This post originally appeared on BudgetTracker in November 2012.
When it comes to talking about money, students can come from a variety of different backgrounds. One student might have parents who are very open about earnings and budgeting, while another student has never seen a balanced checkbook.
Despite being a very important subject, it is often the case that middle school students have not received a lot of personal finance instruction at home beyond “study hard so you can get a job”!
One of the best services you can provide for your students is to show them how to talk about money productively and politely to give them the tools to have discussions without making others uncomfortable. Here are a few tips for helping students talk about money in middle school:
Ask about habits, not about numbers
Most people shy away from talking about money because real numbers can create uncomfortable situations, especially when money is tight. Think of it this way: do you really want your child to know your annual income, and then to discuss that with other students?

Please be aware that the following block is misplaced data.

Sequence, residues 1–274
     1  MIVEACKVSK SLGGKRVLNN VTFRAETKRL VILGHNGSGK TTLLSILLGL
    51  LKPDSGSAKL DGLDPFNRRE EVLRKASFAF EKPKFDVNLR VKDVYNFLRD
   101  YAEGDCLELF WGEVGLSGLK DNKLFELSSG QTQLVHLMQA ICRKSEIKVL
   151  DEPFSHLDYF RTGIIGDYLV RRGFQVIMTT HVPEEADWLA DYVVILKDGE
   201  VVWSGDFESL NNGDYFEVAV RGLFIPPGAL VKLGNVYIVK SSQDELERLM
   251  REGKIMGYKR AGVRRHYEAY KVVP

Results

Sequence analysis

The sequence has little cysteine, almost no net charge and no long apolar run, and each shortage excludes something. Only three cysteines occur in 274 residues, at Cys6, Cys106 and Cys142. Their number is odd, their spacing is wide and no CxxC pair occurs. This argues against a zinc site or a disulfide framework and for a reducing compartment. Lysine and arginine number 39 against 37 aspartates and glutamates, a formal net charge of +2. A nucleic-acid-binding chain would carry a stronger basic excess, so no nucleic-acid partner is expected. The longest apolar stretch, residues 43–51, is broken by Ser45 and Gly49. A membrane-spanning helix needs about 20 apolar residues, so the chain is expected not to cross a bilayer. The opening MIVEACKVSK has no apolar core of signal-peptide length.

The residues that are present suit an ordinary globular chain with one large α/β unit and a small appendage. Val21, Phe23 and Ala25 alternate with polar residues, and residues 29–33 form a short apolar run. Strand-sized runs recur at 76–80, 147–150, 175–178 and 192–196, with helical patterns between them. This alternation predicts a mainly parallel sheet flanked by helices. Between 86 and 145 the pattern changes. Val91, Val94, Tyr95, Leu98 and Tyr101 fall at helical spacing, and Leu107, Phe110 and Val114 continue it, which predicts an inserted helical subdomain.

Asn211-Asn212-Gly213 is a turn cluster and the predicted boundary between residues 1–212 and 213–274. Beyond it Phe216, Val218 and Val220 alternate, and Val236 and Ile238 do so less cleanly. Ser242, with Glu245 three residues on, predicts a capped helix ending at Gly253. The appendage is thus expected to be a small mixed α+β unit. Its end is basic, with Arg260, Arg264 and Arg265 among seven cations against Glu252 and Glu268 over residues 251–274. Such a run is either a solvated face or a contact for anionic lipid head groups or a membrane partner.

Emphasize with students that instead of asking “How much do you make,” it is better to ask questions like, “What do you think is important to spend money on?”
By focusing on money habits and the “why” behind one’s spending, you can encourage a rich discussion instead of a superficial (and possibly uncomfortable) talk about wealth.
Focus on the Future
Another important discussion tactic is to talk about the future rather than the present or the past. Instead of looking at mistakes or current struggles, ask questions about the best way to use money in the future, like planning to buy a car, a house, or to pay for college.
Having a real, physical goal (instead of reflecting on a bad purchase or a financial dry spell) means the discussion will be positive and hopeful.
Use personal writing to encourage quiet students
In the case of a shy learner, personal writing can be a huge boon for many students. Here are a few writing prompts that could encourage a middle school student to engage in a personal finance discussion:
- If you found $5 in your pocket, what would you do with it?
- If you wanted to save $100, how would you do it?
- What do you think is the most confusing thing about money? What do you think makes the most sense about money?
For more ideas, check out the Practical Money Skills website, which offers free personal finance curriculum for teens and highlights ways to use discussion and personal writing to learn personal finance. And don’t forget the useful applications of the BudgetTracker program in the classroom, like using discussion boards and creative prompts to keep the conversation flowing!